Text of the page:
IN an unthinkable nightmare, two Gauteng mothers have learnt that their three-year-old daughters were switched at birth. Even worse, one wants her biological daughter back, while the other wants to keep the child she has loved as her own for almost four years.
The high court in Pretoria on Monday appointed the director of the University of Pretoria’s Centre for Child Law to help fix the disaster and minimise the damage already caused.
The court order, made on an urgent basis, provides for the centre’s Ann Skelton (no relation to the reporter) to investigate the children’s best interests and report back to court within 90 days.
Possible solutions may involve the children being swapped again or remaining with their present “mothers”, with or without visitation rights. None of the respondents, including the Gauteng MEC for Health and the chief executive of the Tambo Memorial Hospital in Boksburg, where the children were born, opposed the court application.
For three years the families lived in blissful ignorance until late last year when one of the mothers, 32, sued her ex, the father of her eldest child, for maintenance for her younger child. He denied paternity and DNA tests confirmed that he was not the dad.
But they also revealed that she was not the child’s mother. “She got the shock of her life when she found out,” the woman’s lawyer, Henk Strydom, said yesterday.
The hospital confirmed that her child had been swapped with another girl born on the same day in 2010. The details of how this happened have not yet been revealed.
The two mothers met last year and have been attending joint therapy sessions arranged by the hospital since December, and they have met their biological daughters.
The one became unhappy with the process and headed to the children’s court in a bid to exchange the child she had been caring for since birth for her biological daughter. The other mother refused.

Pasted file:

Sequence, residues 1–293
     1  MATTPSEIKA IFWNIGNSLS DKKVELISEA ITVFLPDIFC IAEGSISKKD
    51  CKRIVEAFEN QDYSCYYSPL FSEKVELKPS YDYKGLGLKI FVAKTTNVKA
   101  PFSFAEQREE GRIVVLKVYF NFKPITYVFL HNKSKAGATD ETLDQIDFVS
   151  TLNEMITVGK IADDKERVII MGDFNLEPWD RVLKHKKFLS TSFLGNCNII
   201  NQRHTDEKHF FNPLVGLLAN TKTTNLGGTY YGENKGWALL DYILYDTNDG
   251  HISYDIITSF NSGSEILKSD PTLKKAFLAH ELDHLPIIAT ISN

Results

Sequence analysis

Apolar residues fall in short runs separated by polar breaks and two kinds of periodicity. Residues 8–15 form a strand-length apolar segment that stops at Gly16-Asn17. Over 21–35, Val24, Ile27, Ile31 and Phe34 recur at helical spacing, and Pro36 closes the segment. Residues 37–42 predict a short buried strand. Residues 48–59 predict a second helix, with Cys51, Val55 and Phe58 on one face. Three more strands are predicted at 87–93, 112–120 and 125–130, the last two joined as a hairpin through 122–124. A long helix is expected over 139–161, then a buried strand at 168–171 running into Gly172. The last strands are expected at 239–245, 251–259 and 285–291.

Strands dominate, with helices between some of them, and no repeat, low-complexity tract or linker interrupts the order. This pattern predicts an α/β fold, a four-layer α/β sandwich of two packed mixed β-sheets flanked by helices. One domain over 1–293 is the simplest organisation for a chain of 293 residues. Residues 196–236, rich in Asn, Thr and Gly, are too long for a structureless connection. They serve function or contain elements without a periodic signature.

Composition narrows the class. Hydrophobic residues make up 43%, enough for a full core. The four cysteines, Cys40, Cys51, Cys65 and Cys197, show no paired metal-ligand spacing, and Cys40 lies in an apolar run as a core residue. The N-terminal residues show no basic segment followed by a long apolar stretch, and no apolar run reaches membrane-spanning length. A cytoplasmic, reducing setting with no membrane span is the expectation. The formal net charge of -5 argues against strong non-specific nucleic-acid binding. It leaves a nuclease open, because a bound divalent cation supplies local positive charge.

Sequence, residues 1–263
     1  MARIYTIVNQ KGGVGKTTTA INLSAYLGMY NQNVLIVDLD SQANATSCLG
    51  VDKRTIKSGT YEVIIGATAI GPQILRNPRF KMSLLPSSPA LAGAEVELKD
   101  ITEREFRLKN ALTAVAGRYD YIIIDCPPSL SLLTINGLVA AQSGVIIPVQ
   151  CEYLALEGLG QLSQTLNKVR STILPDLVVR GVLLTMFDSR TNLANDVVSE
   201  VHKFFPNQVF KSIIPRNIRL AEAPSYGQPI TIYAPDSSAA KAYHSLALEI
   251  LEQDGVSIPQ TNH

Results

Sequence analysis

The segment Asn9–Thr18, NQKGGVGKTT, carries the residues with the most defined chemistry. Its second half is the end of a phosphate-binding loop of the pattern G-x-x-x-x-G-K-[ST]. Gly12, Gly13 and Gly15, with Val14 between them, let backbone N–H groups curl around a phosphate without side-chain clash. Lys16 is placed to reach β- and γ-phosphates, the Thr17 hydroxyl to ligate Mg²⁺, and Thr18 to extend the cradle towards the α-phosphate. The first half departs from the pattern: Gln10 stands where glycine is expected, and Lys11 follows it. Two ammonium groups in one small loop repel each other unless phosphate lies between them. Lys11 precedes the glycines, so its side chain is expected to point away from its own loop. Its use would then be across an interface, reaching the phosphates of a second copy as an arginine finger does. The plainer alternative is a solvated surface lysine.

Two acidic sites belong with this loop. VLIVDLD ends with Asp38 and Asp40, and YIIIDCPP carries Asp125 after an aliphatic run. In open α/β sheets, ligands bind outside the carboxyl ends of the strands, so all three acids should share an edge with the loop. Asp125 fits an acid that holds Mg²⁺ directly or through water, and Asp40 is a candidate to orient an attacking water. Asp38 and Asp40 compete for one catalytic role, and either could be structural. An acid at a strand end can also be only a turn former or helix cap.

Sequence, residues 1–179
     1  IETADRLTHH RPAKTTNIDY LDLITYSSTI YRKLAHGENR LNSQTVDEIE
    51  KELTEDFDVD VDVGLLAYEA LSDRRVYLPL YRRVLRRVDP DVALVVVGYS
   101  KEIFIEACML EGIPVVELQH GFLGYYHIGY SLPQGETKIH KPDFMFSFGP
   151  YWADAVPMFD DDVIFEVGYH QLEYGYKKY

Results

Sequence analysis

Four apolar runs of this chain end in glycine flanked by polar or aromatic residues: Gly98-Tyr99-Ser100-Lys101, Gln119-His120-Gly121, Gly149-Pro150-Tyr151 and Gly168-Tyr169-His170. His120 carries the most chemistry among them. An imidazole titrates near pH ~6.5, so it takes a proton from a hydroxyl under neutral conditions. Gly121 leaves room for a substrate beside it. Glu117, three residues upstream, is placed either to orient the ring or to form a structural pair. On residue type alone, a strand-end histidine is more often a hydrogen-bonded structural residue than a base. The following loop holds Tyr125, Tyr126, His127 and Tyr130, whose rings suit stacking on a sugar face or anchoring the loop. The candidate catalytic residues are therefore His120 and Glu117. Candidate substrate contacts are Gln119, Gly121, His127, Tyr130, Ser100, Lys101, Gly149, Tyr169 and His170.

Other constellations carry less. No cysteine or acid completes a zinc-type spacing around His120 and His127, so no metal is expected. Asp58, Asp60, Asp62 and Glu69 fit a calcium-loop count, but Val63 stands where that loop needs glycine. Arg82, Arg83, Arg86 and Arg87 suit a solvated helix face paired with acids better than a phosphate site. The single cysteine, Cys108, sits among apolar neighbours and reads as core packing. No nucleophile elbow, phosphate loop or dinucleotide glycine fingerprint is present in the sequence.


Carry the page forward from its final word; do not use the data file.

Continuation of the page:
As a result, the centre said: “Litigation may be necessary and inevitable to remedy the tragic situation in which these children and mothers find themselves.”
The centre will now focus on interviewing the girls’ mothers, fathers and any other person with a significant relationship with either of the children. The children and mothers will also undergo a full and thorough clinical assessment.
The centre said it was urgent that the highly sensitive case was resolved as soon as possible “to mitigate the damage that has already been done”. In the meantime, the maintenance case by the one mother, who is unemployed, is on hold.
This is not the first case of its kind in South Africa. In 1995, two mothers were awarded damages after they learnt their sons, born in 1989, had been swapped at the Johannesburg hospital where they were born.
The mothers, who agreed to keep their non-biological sons, were awarded more than R183000 and R158000 respectively, which included costs for them to visit their biological children and damages for emotional shock and psychiatric injury.
Pietermaritzburg attorney Richard Stretch, who acted for the mothers in that case, believed the mothers in the present one could sue the hospital for damages, should it be found responsible for the mix- up of the babies. – Dominic Skelton